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Temescal today is a vibrant neighborhood, famous for the restaurants centered around Telegraph Avenue and 51st Street, and a burgeoning art scene. But back in 1890, Temescal was a small town still independent from Oakland, and the foundation was just being set for the vibrant area to come.
“Temescal,” said the Oakland Daily Evening Tribune on Saturday, January 25, 1890, “is a pleasant northern suburb of Oakland, is so easily reached from this city that many neglect on that account to explore it, choosing rather, when bent on a day’s recreation, to penetrate some distant quarter or accomplish a journey attended with greater difficulty.
“Sheltered by the Coast Range and bordered by the foothills of Berkeley, the district extends from Thirty sixth street, Oakland, to the shore of the bay, inclosing sundry smaller locations such as Lorin, Klinknerville, Newbury and Claremont. A creek of the same name, rising in the hills, empties itself into the bay.”
We also have a video on Idora Park, once one of the top amusement parks on the West Coast, a timeline of key dates in Temescal’s early days, photos of what the area looked like then and now, and a look at what Temescal was like in 1873.
Anything we missed, or have a story about Temescal’s history you’d like to share? Write in the comments section or on Facebook, or e-mail Ryan Phillips at .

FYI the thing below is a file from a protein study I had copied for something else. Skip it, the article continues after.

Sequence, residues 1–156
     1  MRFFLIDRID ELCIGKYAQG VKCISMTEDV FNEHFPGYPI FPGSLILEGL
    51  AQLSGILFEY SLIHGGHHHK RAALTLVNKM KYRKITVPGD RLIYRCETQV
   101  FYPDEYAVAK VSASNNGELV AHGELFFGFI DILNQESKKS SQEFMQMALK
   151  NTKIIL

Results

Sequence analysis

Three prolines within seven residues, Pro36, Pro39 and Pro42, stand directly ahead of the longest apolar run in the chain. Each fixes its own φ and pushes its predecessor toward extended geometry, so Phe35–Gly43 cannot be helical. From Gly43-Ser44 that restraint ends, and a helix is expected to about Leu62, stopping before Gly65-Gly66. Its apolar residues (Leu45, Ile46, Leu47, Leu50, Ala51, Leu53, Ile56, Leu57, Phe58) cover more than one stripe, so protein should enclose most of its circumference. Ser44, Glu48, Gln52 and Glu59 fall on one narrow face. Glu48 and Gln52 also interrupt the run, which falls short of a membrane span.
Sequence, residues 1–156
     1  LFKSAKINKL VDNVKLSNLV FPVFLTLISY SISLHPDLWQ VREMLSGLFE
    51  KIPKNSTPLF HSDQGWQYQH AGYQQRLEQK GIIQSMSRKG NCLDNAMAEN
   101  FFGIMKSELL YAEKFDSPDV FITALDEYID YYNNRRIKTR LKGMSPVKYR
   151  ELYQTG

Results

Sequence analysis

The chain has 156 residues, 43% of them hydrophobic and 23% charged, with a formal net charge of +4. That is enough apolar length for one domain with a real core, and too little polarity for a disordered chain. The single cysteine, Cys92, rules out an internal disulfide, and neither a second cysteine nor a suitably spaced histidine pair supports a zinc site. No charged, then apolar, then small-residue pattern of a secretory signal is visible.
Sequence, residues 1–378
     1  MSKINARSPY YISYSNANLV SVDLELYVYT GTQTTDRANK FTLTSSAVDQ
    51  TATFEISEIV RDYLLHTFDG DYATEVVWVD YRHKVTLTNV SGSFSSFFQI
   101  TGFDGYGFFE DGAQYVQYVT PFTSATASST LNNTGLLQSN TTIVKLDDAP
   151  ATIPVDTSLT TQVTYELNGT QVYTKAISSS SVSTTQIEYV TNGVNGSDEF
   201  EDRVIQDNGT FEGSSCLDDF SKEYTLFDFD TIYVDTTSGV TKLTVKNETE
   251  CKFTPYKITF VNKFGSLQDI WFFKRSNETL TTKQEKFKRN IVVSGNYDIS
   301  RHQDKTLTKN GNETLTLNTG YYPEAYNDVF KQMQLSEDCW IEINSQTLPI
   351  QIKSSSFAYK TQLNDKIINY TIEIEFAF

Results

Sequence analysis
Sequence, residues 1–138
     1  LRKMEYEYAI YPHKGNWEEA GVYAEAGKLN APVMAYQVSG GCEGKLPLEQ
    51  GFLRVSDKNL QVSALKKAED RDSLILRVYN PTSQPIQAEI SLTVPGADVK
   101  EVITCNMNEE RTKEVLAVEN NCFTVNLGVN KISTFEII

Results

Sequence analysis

In the days of the streetcar, Temescal was a busy, commercial hub
As Temescal grew in 1870s, the small town became an important transportation hub for rail travelers passing between Oakland and Berkeley.
I’ll see you down at the club
For nearly 100 years, the Colombo Club has been the heart and soul of Temescal’s historic Italian community. With almost 1,000 members today, the Columbo Club is the largest private Italian social club west of the Mississippi River. Oakland North reporter Megan Molteni goes down to the club to learn about its long and storied history.
A Creek Ran Through It
Early settlers were drawn to Temescal Creek, and it became the City of Oakland’s first source of fresh water. But as Temescal’s population grew, many saw the creek as a nuisance and a hazard, and most of it became covered up. Today, many don’t know that a creek flows beneath the intersection of 51st Street and Telegraph, carrying water from the hills to the bay, just as it always has.
Temescal’s Historical Sites
Take a tour of some of Temescal’s former destinations from the late 1800s and turn of the century. Click on the points for a description of the site. Full size map.
Temescal in 1873
A glance at what Temescal looked like, and what was happening, in 1873, through the lens of local newspapers.
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[The multimedia elements of this page no longer work, but you can read the original stories by clicking the links below.]